Criminal Law

708. Special Circumstances: Accomplice Testimony Must Be Corroborated - No Dispute Whether Witness Is Accomplice

In order to prove the special circumstance[s] of <insert special circumstance[s] requiring proof of additional crime>, the People must prove that the defendant committed <insert crime[s] (other than murder) that must be proved>. The People have presented the (statement[s]/ [or] testimony) of <insert name[s] of witness[es]> on this issue.

If the crime[s] of <insert crime[s]> (was/were) committed, then <insert name[s] of witness[es]> (was/ were) [an] accomplice[s] to (that/those) crime[s].

You may not find that the special circumstance[s] of <insert special circumstance[s] requiring proof of additional crime> is true based on the (statement[s]/ [or] testimony) of an accomplice alone. You may use the (statement[s]/ [or] testimony) of an accomplice to find the special circumstance true only if:

1. The accomplice's (statement[s]/ [and] testimony) (is/are) supported by other evidence that you believe;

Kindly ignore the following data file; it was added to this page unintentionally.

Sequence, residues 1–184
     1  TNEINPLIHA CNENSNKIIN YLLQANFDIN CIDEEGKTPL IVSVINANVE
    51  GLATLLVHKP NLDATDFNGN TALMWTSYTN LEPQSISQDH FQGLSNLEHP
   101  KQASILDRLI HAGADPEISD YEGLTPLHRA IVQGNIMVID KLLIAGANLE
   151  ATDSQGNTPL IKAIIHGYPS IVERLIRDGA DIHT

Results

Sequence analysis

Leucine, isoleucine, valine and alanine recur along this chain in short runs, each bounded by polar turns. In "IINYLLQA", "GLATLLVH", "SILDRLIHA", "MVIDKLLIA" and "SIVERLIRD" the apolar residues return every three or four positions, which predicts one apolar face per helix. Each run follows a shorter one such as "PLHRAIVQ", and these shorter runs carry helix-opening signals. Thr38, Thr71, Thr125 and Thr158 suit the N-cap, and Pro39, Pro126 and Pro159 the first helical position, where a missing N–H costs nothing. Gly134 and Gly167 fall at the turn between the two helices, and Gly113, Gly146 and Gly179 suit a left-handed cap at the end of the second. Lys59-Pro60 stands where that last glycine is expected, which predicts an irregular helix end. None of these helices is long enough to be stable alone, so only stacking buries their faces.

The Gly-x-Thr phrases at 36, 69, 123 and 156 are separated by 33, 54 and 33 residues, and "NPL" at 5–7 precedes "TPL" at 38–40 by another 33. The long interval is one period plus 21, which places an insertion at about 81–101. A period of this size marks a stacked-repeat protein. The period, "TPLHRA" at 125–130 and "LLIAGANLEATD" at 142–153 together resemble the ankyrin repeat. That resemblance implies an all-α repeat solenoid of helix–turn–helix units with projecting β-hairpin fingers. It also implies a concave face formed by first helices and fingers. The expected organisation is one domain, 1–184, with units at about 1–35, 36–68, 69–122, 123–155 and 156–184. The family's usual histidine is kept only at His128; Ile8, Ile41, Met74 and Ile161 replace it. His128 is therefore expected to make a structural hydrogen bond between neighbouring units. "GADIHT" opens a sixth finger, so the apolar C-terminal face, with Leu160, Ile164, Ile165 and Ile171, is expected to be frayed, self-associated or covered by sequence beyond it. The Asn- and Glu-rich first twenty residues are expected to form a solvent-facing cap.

2. That supporting evidence is independent of the accomplice's (statement[s]/ [and] testimony);

AND

3. That supporting evidence tends to connect the defendant to the commission of <insert crime[s] (other than murder) that must be proved>.

Supporting evidence, however, may be slight. It does not need to be enough, by itself, to prove that the defendant committed <insert crime[s] (other than murder) that must be proved>, and it does not need to support every fact (mentioned by the witness in the statement/ [or] about which the witness testified). On the other hand, it is not enough if the supporting evidence merely shows that a crime was committed or the circumstances of its commission. The supporting evidence must tend to connect the defendant to the commission of <insert crime[s] (other than murder) that must be proved>.